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I'm able to install and modify os-commerce open-source shopping cart, and need to use it to connect up to 5 'stores' to one single affiliate program (all in PHP).
Testing (alone) everything works great, but in the 'real world':
-The 'script', to credit sales affiliates, is started by the 'Thank you' page of each cart, as a sale is completed. The individual carts will not get massively busy, but will the one vital affiliate database be able to keep up?
-What happens to information which gets sent when the MySQL database is 'busy'? In general (not specific to any one program), does incoming data get 'saved' in a queue, or dumped, when the server is busy? (in other words the os-commerce cart is not waiting for a response to the script)
Anybody have real experience?
Thank You VERY much.
1. your script won't be able to connect
2. your script will time out waiting for the response from mysql
requests get queued but not in a way that allows them to be completed after the fact, it isn't a fire and forget scenario.
>Anybody have real experience?
Yeh I looked at this for a previous employer (for a registry)
Mysql (as normaly used on the web) is quite dumb a transaction has to run in real time there are ways to have asynchronous queues of transactions so that a system can fire off an insert even if the receiving system is down or busy .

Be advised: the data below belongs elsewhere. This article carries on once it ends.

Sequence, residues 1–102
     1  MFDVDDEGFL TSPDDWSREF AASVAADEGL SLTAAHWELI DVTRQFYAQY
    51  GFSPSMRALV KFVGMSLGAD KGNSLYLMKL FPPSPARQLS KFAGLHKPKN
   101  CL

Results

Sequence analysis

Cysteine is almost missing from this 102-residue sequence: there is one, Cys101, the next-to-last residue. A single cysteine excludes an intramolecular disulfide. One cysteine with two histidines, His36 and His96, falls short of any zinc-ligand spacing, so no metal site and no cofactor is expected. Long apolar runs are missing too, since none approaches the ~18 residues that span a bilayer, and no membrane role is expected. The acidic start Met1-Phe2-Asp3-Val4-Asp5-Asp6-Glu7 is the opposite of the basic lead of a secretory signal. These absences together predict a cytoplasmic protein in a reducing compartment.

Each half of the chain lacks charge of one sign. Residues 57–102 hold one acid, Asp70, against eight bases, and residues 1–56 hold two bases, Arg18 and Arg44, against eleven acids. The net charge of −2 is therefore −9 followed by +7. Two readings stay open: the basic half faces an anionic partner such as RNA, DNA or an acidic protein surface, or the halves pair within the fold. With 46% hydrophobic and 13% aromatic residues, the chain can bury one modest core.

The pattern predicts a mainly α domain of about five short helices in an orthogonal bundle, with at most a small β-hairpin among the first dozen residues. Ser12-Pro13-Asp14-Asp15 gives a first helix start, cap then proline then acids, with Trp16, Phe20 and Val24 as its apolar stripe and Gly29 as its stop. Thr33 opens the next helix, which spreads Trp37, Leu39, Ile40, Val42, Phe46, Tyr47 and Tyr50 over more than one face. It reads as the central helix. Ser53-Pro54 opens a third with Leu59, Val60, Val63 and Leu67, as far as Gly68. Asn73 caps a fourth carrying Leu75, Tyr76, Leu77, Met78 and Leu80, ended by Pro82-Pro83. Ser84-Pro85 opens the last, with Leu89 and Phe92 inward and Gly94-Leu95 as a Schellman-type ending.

A quick search doest show any tools for mysql (if you have mysql 5) you could look at using triggers/ on the sales cart database to update the affiliate database rather than relying on the thank you page.
You could Roll your own
By using triggers or the thank you page script to generate sql transactions as xml files. save these to a directory outside of the webserver root and write some process (in perl/php etc) that executes every 10 min to read these files and insert the info into the affiliate database.
Or use a database with Queuing support postgress appears to support this which if you shopping cart supports it would be the best way to go
It's all in the db tuning -- making sure the db has what it needs to execute quickly. MySQL is very fast, but if (for example), you have 2000 tables and only let the db open 64 files at once, no db will run efficiently.
If you run out of connections, you get an immediate error. If a query takes a long time, the application (ie PHP/oscommerce) blocks until the data returns. This means that the user will see slow loading.